Nobel-prize winning science from Boulder to serve as springboard for planet hunting

October 21, 2009

The University of Colorado at Boulder and the National Institute of Standards and Technology have been awarded a $495,000 grant to look for Earth-like planets around other stars using technology based on 2005 Nobel Prize-winning research conducted at JILA, a joint institute of the two Boulder institutions.

The funding from the National Science Foundation is to develop a precise "laser ruler" to measure tiny changes in infrared light caused by the gravitational wobble of small, cool stars as they are tugged back and forth by their rocky planets. The gravitational dance depends on the size of the star and the size of the planet and produces changes in the star's radial velocity -- the speed it is moving toward or away from Earth during such faint wobbles, said CU-Boulder Research Associate Steve Osterman, principal investigator on the project.

While astronomers have used the radial wobble of stars to detect several hundred planets outside our solar system, almost all have been giant, gaseous planets orbiting extremely close to their parent stars, said Osterman. The new technology involves devices known as mode-locked lasers that deliver ultrashort pulses of infrared laser light less than a billionth of a second long, enabling a much more precise planet detection system, he said.

Linked to an atomic clock, the laser ruler consists of thousands of closely spaced "tick-marks" representing successive infrared light frequencies that resemble the teeth of a comb, said NIST scientist Scott Diddams, a co-investigator on the effort who is collaborating with Osterman. The comb makes it possible to measure minute changes in the light waves created by the motions of small, relatively cool M stars as they interact with planets by providing a precise calibration for spectrographs that analyze light coming from stars and planets.

The technique will allow the team to observe the stars in the near-infrared spectrum where they shine the brightest, according to the researchers.

The key to finding Earth-like planets is measuring the Doppler shift of the stars as they wobble during planet interactions, said Osterman. When a star is moving toward Earth, its wavelengths "bunch up" and shorten, and when the star is moving away from Earth, the wavelengths stretch out. By detecting extraordinarily faint wobbles, the researchers should be able to deduce the size of the planets and the distance of their orbit from the parent star, said Osterman.

"We have come up with a good ruler for measuring changes in the wobble of these small stars in the near-infrared wavelength of the spectrum," said Osterman of CU-Boulder's Center for Astrophysics and Space Astronomy. "Since these M stars are much more common than larger stars, this gives us a lot more targets and should make it easier for us to detect rocky and perhaps even habitable planets."

The new technology was spun off from research by JILA's John Hall and Theodor Hänsch of the Max Planck Institute of Quantum Optics in Munich, Germany, who shared in the 2005 Nobel Prize in physics for their contributions to the development of laser-based precision spectroscopy, including the optical frequency comb technique.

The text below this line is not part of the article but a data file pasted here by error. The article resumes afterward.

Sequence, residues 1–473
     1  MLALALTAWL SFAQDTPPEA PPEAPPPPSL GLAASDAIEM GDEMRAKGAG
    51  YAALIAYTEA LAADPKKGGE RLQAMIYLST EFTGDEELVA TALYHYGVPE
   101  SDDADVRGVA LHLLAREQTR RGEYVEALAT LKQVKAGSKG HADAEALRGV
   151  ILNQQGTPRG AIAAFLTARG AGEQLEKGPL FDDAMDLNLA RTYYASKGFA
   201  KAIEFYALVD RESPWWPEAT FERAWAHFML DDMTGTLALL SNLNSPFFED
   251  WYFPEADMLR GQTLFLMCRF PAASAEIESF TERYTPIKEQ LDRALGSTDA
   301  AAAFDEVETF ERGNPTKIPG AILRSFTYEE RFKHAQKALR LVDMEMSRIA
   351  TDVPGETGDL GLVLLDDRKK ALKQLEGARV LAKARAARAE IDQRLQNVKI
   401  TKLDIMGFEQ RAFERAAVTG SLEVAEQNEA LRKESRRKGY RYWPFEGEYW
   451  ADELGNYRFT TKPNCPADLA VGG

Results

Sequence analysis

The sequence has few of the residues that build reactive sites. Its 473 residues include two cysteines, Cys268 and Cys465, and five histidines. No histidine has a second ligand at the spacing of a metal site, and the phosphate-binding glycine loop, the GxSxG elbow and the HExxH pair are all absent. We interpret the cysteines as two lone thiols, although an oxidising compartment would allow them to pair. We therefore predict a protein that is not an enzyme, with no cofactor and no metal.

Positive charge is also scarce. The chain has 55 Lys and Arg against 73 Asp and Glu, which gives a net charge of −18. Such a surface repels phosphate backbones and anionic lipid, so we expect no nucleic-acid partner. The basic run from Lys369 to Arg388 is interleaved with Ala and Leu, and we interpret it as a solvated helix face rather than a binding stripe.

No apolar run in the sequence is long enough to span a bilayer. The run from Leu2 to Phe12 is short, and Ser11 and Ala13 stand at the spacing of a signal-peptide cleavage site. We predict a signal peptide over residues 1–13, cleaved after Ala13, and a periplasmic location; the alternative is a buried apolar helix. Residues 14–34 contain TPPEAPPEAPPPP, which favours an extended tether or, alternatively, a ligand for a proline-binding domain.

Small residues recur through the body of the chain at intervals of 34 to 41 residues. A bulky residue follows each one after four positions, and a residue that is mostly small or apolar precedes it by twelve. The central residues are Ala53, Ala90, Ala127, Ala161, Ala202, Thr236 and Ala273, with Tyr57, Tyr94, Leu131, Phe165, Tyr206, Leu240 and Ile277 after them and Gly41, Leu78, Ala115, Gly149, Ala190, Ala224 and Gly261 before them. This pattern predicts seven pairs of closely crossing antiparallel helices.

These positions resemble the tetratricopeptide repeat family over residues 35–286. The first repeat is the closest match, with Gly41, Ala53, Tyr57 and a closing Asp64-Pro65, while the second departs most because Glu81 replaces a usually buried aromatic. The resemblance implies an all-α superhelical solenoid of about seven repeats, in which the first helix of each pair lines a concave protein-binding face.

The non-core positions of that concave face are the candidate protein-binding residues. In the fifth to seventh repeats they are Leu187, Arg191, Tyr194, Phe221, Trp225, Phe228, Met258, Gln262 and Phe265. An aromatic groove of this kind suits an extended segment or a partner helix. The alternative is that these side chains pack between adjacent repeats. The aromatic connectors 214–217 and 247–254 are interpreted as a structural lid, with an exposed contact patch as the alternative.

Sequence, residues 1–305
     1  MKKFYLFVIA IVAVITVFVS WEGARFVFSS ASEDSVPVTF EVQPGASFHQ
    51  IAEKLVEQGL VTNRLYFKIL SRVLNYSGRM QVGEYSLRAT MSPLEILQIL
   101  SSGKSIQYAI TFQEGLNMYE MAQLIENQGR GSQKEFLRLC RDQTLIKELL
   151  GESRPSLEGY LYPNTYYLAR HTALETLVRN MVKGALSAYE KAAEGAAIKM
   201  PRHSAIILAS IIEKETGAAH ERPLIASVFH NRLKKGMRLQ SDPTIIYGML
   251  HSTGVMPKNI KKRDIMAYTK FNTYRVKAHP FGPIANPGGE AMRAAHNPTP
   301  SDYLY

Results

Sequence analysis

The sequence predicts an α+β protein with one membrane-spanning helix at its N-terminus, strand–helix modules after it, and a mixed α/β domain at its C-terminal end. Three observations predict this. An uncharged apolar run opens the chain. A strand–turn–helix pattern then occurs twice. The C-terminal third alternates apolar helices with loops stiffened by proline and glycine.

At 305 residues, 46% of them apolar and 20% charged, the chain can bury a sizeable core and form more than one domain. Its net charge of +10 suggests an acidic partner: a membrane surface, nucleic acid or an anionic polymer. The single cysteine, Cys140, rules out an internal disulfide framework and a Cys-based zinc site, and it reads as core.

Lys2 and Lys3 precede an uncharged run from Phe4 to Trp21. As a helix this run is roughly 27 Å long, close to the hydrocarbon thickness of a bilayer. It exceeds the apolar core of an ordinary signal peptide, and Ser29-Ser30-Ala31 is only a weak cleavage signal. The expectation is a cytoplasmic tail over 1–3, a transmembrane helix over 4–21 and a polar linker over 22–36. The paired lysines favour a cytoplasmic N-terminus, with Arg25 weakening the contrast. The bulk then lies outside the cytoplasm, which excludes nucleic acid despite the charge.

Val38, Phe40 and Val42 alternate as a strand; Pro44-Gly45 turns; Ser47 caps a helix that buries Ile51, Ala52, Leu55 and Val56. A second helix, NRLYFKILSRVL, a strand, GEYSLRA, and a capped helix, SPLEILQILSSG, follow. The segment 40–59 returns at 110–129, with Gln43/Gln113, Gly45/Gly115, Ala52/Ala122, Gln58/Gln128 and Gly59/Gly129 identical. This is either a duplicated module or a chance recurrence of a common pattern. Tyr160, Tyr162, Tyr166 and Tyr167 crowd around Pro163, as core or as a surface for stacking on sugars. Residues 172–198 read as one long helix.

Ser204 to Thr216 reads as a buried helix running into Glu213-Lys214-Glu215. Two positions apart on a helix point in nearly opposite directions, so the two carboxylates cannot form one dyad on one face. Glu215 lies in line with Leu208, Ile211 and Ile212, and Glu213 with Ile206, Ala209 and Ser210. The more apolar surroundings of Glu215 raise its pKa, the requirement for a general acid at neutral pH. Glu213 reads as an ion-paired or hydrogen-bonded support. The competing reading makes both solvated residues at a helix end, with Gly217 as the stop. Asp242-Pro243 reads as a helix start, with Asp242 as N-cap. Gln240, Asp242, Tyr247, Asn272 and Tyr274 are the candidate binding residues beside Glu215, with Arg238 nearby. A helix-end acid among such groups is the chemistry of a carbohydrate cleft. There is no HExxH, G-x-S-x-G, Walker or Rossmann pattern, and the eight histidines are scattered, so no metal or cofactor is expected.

Osterman said M stars can be as small as one-tenth the mass and significantly older than Earth's sun. "We think our new calibration technology will make it as much as 10 to 20 times easier to detect habitable planets around these M stars," he said.

Astronomers are particularly interested in the habitable zones of planets around other solar systems -- zones marked by relatively moderate temperatures and which have the potential to host liquid water. While at least one rocky planet slightly larger than Earth was recently identified by a French-led team, it orbits so close to the parent star that high temperatures and high radiation preclude the chances for life as we know it, said Osterman.

The Boulder researchers plan to take the new laser instrument to the Apache Point Observatory northeast of Las Cruces, N.M., in spring 2010 and integrate it with a new planet-finding instrument being developed at the University of Florida, said Osterman. "This will begin our search for Earth-like planets around these tiny stars."

CU-Boulder is part of a consortium of seven universities that are conducting research using a 3.5-meter telescope at Apache Point Observatory. CU-Boulder shares in the cost of operations and maintenance and is annually allotted one-eighth of the available telescope observing time.

In addition to looking for Earth-like planets around low-mass stars, the comb technology will allow researchers to peer through the dust clouds of young stellar systems more clearly, said co-investigator John Bally of CASA. The technology may make it possible to learn more about the movements of massive, Jupiter-like planets in young planetary systems as they migrate toward their parent stars, he said.

Other projects that will be made possible by the technology include studies of the atmospheres of young or cool stars as well as precise near-infrared observations of planetary atmospheres in our own solar system, according to the team.

University of Colorado at Boulder

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